Pricing contortions at Uber and the regulated end gameWednesday, 22 January 2020
Uber's efforts to comply with California's new employment regulations - and prove that Uber is a tech platform, not a taxi firm - are entertaining to watch. The latest attempt is to let drivers set their own surge rate, initially on a trial basis at a few airports.
While this may help Uber evade the regulators, the consumer impact is to add yet more complexity and uncertainty to the pricing model, especially if apps to co-ordinate behavior amongst drivers emerge. But more interesting will be the California government's attitude to drivers setting their own prices: the risk of a rip-off was one of the motivations for London's landmark Conditions of Fitness taxi regulation, back in 1906!
For regulators interested in protecting consumers from predatory pricing and ensuring miniumum income standards for drivers, all while managing the congestion impact of taxis, intervention in pricing may again be irresistible.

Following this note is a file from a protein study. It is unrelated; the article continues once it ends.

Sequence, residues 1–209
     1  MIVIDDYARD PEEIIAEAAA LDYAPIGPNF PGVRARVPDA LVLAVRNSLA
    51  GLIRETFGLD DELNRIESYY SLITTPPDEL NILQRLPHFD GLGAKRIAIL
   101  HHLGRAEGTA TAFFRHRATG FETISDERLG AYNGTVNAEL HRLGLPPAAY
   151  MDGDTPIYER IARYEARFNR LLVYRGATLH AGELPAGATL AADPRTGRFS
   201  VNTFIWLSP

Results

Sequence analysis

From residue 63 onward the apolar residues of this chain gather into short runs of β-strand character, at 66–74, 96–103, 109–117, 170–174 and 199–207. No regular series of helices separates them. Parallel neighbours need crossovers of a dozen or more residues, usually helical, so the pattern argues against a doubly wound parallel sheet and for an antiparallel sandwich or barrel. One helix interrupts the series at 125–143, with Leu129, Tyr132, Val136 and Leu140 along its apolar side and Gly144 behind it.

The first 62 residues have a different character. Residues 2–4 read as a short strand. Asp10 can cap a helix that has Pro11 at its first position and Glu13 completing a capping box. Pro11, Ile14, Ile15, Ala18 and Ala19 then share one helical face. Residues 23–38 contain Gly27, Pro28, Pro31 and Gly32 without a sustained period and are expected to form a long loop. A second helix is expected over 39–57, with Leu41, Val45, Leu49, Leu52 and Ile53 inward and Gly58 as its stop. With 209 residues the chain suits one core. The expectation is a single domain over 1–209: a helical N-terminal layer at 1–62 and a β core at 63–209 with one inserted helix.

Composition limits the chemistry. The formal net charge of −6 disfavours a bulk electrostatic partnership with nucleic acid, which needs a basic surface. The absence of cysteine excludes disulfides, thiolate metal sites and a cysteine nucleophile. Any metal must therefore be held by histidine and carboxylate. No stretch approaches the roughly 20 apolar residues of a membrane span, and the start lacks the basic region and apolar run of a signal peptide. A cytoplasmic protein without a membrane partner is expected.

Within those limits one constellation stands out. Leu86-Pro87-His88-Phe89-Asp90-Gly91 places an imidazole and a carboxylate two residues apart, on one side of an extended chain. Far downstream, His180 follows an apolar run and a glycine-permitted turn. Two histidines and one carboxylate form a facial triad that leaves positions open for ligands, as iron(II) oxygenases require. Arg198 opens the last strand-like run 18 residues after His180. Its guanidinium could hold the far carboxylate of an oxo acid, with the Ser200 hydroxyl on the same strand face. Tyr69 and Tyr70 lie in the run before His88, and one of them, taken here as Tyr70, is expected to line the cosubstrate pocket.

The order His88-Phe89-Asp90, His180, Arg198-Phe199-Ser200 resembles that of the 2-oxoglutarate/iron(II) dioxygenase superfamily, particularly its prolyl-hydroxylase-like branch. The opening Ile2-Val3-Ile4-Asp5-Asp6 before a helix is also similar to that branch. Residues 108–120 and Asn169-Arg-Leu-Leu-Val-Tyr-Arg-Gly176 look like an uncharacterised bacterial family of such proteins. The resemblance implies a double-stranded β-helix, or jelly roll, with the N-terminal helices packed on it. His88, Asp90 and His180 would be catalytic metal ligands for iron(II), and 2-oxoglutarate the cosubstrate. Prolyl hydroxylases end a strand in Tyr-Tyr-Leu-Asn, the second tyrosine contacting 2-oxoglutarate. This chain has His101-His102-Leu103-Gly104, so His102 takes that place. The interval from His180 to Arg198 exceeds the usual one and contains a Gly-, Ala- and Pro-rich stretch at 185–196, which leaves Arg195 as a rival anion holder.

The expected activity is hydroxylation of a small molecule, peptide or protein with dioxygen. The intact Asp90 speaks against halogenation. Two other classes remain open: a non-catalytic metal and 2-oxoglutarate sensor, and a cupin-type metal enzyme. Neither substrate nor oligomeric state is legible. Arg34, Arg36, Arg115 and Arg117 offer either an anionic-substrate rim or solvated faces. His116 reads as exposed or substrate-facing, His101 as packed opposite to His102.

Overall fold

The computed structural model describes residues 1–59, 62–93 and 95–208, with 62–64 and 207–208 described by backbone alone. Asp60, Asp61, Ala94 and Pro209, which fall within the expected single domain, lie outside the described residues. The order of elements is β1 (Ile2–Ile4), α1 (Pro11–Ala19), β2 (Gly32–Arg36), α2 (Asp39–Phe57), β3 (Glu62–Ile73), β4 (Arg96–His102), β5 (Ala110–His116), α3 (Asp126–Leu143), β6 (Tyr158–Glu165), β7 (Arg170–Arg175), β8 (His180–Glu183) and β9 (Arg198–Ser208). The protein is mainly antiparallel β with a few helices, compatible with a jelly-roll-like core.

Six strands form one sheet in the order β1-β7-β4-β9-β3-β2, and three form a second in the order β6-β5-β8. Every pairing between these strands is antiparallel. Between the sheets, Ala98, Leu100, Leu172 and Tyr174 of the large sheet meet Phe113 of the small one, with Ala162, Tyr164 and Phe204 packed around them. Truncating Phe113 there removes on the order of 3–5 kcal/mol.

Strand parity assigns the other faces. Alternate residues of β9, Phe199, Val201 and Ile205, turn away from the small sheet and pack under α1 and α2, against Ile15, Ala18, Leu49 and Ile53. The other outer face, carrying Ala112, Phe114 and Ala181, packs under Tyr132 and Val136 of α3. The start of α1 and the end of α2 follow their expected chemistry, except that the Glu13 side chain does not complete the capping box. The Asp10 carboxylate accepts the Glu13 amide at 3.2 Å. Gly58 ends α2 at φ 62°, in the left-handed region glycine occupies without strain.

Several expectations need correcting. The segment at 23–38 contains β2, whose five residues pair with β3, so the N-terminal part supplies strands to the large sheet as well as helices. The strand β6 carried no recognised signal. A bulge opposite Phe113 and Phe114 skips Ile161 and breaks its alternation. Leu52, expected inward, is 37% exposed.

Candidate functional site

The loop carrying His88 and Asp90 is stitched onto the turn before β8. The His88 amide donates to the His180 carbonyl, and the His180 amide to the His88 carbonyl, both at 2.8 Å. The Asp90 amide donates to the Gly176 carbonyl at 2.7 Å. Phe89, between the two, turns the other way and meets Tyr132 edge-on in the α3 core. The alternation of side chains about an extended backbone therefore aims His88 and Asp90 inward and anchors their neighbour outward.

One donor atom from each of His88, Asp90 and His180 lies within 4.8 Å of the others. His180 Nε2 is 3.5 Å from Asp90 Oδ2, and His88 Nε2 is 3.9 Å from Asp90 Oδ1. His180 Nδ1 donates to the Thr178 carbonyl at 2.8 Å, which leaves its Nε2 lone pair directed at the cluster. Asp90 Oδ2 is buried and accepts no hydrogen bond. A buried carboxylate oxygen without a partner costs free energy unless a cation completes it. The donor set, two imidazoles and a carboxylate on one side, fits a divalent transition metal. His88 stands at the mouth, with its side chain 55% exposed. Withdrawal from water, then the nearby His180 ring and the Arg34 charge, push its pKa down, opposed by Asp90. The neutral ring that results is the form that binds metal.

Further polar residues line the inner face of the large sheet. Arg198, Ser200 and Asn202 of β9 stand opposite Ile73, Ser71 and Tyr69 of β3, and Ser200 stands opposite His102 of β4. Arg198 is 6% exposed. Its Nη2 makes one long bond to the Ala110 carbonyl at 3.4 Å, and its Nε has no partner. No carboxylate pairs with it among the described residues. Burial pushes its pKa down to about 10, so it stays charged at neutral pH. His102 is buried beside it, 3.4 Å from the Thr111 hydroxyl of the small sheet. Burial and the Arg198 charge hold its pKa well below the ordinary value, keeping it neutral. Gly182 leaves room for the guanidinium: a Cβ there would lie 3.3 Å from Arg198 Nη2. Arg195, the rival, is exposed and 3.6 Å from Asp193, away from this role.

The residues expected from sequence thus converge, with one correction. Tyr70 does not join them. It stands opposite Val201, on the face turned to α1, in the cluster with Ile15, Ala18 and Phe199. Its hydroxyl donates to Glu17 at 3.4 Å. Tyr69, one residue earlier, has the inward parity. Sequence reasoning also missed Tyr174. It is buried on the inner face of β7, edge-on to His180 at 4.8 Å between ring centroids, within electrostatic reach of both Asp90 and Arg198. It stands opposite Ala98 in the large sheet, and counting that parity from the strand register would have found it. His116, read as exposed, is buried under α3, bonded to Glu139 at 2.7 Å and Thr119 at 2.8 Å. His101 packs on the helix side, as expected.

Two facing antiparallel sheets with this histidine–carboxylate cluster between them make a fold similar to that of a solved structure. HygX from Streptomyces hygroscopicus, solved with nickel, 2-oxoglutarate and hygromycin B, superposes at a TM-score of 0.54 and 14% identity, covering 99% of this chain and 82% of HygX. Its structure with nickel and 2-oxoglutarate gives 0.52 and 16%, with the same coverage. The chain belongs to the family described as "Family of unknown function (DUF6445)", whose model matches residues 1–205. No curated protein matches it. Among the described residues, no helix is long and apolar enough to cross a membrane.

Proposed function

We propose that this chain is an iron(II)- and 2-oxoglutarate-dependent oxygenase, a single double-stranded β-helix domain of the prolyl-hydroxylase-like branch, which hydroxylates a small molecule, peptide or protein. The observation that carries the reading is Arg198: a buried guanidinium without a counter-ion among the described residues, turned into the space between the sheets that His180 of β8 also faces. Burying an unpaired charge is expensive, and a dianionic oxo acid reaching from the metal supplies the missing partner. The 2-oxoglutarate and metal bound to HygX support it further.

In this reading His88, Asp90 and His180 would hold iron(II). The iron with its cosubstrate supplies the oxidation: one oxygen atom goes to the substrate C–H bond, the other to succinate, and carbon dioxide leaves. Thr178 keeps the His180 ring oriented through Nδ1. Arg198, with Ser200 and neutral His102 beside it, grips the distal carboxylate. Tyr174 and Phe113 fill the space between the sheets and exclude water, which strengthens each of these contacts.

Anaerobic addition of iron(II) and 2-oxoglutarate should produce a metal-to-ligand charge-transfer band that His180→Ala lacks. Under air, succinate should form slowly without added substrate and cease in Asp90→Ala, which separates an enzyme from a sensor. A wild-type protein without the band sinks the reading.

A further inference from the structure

Smartphone addicts and the reversing trend of driving safety
You read a lot about the zero-collision nirvana of autonomous driving, but cars have been getting safer for a long time
Reclaiming the commons - government's increasing role in mobility
Two news items today highlight that the boom in mobility is causing a tragedy of the commons: increased congestion on the roads and at the curbside.